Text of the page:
"I won't say I was jealous; I was envious. Sometimes just having it in my house for 24 hours, because I would bring things home and then deliver them to clients, I was able to say, 'OK, I'm done with it.' But it definitely fueled my desire for more stuff, and I definitely amassed more stuff than any person needs in the eight years I did this level of personal shopping." At the height of her business, she employed three full-time assistants, more during the holidays when she was in charge of gift-giving for her 11 clients.

It's easy to see how her business got rolling. There is something intoxicating about Kauffman's personal style -- she's a more eccentric version of Martha Stewart. In her house, she transformed a basic IKEA mirror into a showpiece with a glue gun and some seashells, and an IKEA desk into an Art Deco accessory with a little glitter, paint and a traced Erte design. She strung the coral chandelier in her dining room herself and put a disco ball in her fireplace.

Her closet is full of high-drama clothes -- jeweled Tory Burch tunics, a vintage 1920s gown that makes her look as if she were "tattooed in gold," she says, and a gorilla fur jacket bought from a showgirl in Las Vegas for $200.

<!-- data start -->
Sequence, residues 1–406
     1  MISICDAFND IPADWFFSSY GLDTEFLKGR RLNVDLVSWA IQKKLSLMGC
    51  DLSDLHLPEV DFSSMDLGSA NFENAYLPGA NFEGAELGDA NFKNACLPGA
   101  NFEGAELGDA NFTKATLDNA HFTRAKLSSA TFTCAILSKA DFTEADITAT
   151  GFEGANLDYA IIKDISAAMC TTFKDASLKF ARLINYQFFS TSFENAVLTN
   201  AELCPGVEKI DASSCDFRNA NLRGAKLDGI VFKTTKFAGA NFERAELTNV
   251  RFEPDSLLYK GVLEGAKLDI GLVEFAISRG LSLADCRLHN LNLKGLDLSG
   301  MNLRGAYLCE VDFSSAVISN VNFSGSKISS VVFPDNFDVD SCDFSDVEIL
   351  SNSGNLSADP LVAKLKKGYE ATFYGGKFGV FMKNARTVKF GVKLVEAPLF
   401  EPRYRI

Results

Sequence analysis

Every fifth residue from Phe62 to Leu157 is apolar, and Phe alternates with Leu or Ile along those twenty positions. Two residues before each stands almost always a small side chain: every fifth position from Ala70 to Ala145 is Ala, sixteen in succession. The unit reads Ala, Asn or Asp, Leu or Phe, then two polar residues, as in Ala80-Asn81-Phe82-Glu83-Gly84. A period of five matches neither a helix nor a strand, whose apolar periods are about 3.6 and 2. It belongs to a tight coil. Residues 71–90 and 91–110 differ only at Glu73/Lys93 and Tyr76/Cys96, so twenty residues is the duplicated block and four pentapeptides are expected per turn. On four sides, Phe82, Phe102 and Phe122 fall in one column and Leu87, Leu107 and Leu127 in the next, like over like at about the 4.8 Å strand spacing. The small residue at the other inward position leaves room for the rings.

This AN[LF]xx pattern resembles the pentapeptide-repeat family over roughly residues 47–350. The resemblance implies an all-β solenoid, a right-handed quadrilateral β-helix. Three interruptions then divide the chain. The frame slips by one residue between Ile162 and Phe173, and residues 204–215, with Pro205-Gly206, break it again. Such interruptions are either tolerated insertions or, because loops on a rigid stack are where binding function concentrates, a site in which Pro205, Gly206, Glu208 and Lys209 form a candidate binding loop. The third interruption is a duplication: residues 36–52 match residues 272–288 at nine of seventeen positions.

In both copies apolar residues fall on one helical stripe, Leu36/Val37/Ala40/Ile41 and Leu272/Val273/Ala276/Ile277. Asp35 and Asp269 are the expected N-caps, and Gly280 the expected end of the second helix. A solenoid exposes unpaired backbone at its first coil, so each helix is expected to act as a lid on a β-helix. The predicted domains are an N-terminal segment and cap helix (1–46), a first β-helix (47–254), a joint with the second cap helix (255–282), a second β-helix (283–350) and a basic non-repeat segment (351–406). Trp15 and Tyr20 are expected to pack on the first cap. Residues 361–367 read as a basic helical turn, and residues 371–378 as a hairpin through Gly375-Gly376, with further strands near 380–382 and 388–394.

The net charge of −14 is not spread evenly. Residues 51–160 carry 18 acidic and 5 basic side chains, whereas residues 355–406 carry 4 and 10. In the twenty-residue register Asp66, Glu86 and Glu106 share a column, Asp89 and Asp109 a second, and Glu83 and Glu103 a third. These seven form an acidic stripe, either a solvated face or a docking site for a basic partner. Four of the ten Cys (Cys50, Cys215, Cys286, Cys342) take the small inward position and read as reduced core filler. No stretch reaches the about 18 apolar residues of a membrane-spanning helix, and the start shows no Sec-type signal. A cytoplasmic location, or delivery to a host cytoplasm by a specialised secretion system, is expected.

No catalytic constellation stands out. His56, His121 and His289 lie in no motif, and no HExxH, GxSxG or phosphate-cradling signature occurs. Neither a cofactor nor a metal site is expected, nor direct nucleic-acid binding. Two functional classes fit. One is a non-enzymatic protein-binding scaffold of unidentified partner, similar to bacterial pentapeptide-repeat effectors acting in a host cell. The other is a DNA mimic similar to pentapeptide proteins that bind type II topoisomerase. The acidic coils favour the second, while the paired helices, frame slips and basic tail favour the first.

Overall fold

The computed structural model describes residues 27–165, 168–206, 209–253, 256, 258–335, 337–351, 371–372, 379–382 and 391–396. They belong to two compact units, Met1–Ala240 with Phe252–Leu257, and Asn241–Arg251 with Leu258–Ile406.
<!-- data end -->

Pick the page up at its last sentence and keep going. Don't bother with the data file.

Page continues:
The daughter of a knitwear designer and an interior decorator, Kauffman, who grew up on a farm in Pennsylvania, is inspired by history's rare birds (Diana Vreeland, Peggy Guggenheim, Elsie de Wolfe), and could just be one herself. It was "Infinite Variety," a book by Scot D. Ryersson and Michael Orlando Yaccarino about Marchesa Luisa Casati, the Italian aristocrat who kept cheetahs for pets, and whose former home is now the Guggenheim Museum in Venice, that inspired Kauffman to become a designer.

While reading it for the sixth or seventh time, she had a dream of a woman's hands holding a notebook and turning the pages. On each page was a different handbag. After she woke up, Kauffman used every scrap of paper she could find to sketch the designs, 16 total, which became her first collection.

Her "Rara Avis" fall collection, $1,195 to $2,290, is her third. It is sold at the Church and Des Kohan boutiques in L.A., Tender Birmingham in Michigan and Kirna Zabete in New York, and can be seen at her website, www.raven kauffman.com. Demi Moore, Dita Von Teese and Lake Bell are fans of Kauffman's creations, which are hand-crafted by artisans in Italy, where the designer oversees every detail, even pointing out the exact cuts she wants made in a stone.

Naturally, her personal shopping clients have been supporters too. "It's getting hard to find something they haven't seen before," Kauffman says. "Everything is so homogenized, it's splashed over a million magazine pages or so-and-so has worn it so they don't want it. But there are still people out there who want something unique. And luxury to me is uniqueness."

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booth.moore@latimes.com